The names of famous writers that are carved into the walls of Central Library tower over everyone who passes in and out. But the people below don't necessarily notice them — especially in their totality.
If visitors did, then they'd see that the 83 names don't come anywhere near capturing the racial and ethnic diversity of literary greats who have influenced society over the centuries. And they'd see that only a fraction of the engravings are devoted to women.
The inclusion of 10 Black authors' names — whose works span pre-Civil War to the Civil Rights Movement and beyond — will change that. They were officially unveiled Friday, April 1, and on Saturday evening, they'll accompany the Meet the Artists gala reception.
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The change will allow people "to appreciate literary history in its fullness and not through only one narrative," said Michael Twyman, a donor and patron since he was a child.
Twyman planted the seed for the engraving expansion almost 20 years ago while touring the library during construction of the 2007 expansion. He saw seven newly etched names — Kurt Vonnegut, Dr. Seuss, John Steinbeck, Ernest Hemingway, William Faulkner, James Joyce and W.B. Yeats — on the north side of the old building that's now part of the atrium.
The lack of diversity prompted Twyman to inquire about the author selection process and to research whether any of the engravings were devoted to writers of color.
The initial 76 names were etched into the limestone for the old building's 1917 opening. Just below the ceiling, they march in circles around the inside and outside, immortalizing writers including French novelist Victor Hugo, Greek philosopher Aristotle, and Persian poet and astronomer Omar Khayyam.
Sprinkled throughout are the names of of five, and perhaps six, women writers, including George Eliot, the pen name of Mary Ann Evans; Sappho; Jane Austen; Harriet Beecher Stowe; and George Sand, the pen name of Amantine Lucile Aurore Dupin. Melissa Wooton, the library's adult services manager, said records are unclear as to whether "Browning" was intended to be Elizabeth Barrett Browning or her husband Robert Browning.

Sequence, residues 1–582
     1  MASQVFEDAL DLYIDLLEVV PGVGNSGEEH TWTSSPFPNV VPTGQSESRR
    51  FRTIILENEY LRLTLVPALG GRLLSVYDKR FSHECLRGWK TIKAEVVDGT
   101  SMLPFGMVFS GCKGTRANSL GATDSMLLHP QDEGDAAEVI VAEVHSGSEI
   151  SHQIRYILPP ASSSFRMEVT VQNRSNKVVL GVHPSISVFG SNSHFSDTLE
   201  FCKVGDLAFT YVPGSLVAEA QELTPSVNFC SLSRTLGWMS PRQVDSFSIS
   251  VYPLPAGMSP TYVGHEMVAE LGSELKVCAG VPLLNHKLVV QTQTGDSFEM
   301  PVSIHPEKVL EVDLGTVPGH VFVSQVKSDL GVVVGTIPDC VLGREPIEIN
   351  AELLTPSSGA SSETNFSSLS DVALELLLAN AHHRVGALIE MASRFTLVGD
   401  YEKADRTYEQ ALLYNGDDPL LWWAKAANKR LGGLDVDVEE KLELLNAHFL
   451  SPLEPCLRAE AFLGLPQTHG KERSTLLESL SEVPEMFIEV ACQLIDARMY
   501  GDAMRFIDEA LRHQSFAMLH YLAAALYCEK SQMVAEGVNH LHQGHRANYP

"I said to the leadership, 'I think we're past time in correcting the narrative,' and I wanted to lead an effort to see about how we can engage our public and the community in helping to identify and to recommend names and how can we find places to add them," Twyman said.
The process to etch the Black authors' names by the Center for Black Literature and Culture began about two years ago, Twyman said. Public input and a project committee that included staff, community members and members of the library's African American History Committee whittled down the submissions from more than 300, Wooton said.
The final list comprises:
Maya Angelou: The prolific poet, storyteller and civil rights activist is especially known for "I Know Why the Caged Bird Sings."
James Baldwin: The novelist, playwright and poet wrote unflinchingly about overt and subtle forms of racism and the psychology behind them.
Frederick Douglass: After escaping slavery, the diplomat and writer became an outspoken abolitionist who penned his autobiography, worked multiple roles in government and became a newspaper publisher.